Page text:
With the state’s passage of a $43.7 billion state budget, Bainbridge Island school officials are grappling to understand what new school funding means for public schools on the island.
What’s clear, though, is that property taxes across Washington will rise next year with the adoption of the new budget, which state lawmakers hailed as a compromise spending plan that will push $7.3 billion more toward Washington schools and level out funding for school districts across the state.
Bainbridge Island School District Superintendent Peter Bang-Knudsen said this week that he and his staff were working to understand what the new budget will mean for the island’s schools.
“It’s a big bill. There’s a lot of different parts to it,” he said.
“We’re working with our folks to analyze the different implications for our district in terms of funding and the funding sources and the strings that are attached,” Bang-Knudsen said. “We anticipate in the next week or so that we’ll have a better understanding of that.”
A piece of that assessment will be a look at the district’s tax levies in the future.
“Part of what’s happened is there’s going to be less capacity at the local level to raise local dollars, and we’re going to have more funding from the state, and so we really have to take a look and get down into the details in terms of what are the strings that are attached to this additional funding that’s coming from the state. What won’t we be able to fund locally and so what does that mean?” the superintendent said.
While the effects of the new budget on students remains to be seen, the repercussions for property owners on Bainbridge Island is very clear, an estimated $490 in increased taxes next year.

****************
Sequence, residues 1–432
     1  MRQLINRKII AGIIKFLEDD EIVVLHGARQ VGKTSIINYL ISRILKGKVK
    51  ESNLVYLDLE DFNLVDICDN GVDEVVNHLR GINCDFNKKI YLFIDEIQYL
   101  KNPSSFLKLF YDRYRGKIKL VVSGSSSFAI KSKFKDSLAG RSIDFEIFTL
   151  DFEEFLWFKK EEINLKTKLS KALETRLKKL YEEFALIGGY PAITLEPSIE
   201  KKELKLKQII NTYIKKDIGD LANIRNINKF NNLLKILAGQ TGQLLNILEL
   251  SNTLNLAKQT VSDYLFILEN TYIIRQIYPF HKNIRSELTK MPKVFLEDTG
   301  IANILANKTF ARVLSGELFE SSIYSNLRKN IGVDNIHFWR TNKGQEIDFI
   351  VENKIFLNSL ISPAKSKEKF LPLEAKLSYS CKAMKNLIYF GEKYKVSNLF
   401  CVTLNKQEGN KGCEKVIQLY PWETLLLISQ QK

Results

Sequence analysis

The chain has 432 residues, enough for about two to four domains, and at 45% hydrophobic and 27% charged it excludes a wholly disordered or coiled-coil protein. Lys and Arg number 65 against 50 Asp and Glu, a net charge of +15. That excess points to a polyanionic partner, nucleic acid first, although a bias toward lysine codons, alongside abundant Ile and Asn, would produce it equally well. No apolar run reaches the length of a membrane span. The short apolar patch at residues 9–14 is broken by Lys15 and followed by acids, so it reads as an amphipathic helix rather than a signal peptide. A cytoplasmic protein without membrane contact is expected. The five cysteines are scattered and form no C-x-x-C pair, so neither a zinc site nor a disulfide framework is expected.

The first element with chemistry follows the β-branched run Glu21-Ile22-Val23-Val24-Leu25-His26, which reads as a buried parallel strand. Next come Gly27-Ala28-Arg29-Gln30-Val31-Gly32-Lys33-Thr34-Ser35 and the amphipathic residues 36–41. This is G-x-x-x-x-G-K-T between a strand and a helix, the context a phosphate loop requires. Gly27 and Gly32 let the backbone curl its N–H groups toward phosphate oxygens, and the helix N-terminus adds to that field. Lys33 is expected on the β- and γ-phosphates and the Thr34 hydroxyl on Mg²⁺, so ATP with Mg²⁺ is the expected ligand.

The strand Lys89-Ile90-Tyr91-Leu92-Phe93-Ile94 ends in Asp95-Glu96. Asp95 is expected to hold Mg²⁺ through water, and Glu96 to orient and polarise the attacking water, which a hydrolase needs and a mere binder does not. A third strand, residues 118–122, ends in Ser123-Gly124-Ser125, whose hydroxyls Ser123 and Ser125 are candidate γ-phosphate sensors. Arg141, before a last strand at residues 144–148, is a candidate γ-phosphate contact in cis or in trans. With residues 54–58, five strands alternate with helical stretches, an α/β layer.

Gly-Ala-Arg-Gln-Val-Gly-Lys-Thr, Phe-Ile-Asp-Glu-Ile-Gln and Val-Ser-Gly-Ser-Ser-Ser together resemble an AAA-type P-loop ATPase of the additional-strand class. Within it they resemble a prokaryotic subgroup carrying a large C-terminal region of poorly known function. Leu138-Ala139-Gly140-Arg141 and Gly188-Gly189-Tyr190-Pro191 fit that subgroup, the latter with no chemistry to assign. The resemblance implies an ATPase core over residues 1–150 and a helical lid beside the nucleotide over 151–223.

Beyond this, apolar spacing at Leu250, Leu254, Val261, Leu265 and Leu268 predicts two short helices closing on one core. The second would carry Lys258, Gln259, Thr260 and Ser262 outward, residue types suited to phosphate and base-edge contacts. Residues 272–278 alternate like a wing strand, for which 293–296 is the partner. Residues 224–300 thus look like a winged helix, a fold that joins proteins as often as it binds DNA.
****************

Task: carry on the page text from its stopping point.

That puts Bainbridge fifth on the list of school districts that will see the highest increases to property taxes next year; just behind the fourth-place Lake Washington School District on Seattle’s Eastside ($520 increase in 2018), and above sixth-place Seattle ($460).
The estimated increases are based on the median value of a single family home; for Bainbridge Island, that is $567,400 in 2018.
Under the adopted state budget, the new property tax increases on Bainbridge will continue to rise in the following three years, to $660 in 2019, to $700 in 2020, and $730 in 2021.
Property owners in other districts across the state will see property tax decreases in 2019, 2020 and 2021.
State lawmakers said the budget, which was signed last week by Gov. Jay Inslee, should satisfy the demands made by the state Supreme Court for more funding of public schools in the court’s McCleary case.
“This is a historic budget that I believe fully funds our schools for the first time in decades and will meet our constitutional obligations,” Inslee said in a press release.
Sen. Christine Rolfes, D-Bainbridge Island, said Democrats didn’t want to put so much of the tax increases on the shoulders of property owners — the new budget includes tax breaks for businesses, but not new taxes on income or capital gains as Democrats wanted — but they had no choice.
“This budget makes the biggest investment in education in a generation and reflects the core values that Democrats have advocated for throughout this process,” Rolfes said in a statement.
“It ensures more equity between low- and high-income districts and students and provides additional funds for students with individual needs,” said Rolfes, who was one of the education funding negotiators and also served as a negotiator on the state operating budget.
“Of course, no budget is perfect, and the reliance primarily on property taxes for funding was not what Democrats wanted but unfortunately was all the Republicans would consider,” she said. “In the end, kids and educators will see $7.3 billion more dollars going into their schools over the next four years, and that is an enormous win for the students of our state.”
School districts facing the highest property tax increases:
Mercer Island: $970
Lake Washington: $520
Bainbridge Island: $490
Vashon Island: $400